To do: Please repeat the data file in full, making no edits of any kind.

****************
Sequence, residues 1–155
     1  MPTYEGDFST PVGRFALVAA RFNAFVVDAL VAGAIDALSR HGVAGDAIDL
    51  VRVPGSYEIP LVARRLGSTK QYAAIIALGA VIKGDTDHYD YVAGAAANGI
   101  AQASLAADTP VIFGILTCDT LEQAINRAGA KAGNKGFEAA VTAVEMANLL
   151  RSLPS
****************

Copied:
Sequence, residues 1–155
     1  MPTYEGDFST PVGRFALVAA RFNAFVVDAL VAGAIDALSR HGVAGDAIDL
    51  VRVPGSYEIP LVARRLGSTK QYAAIIALGA VIKGDTDHYD YVAGAAANGI
   101  AQASLAADTP VIFGILTCDT LEQAINRAGA KAGNKGFEAA VTAVEMANLL
   151  RSLPS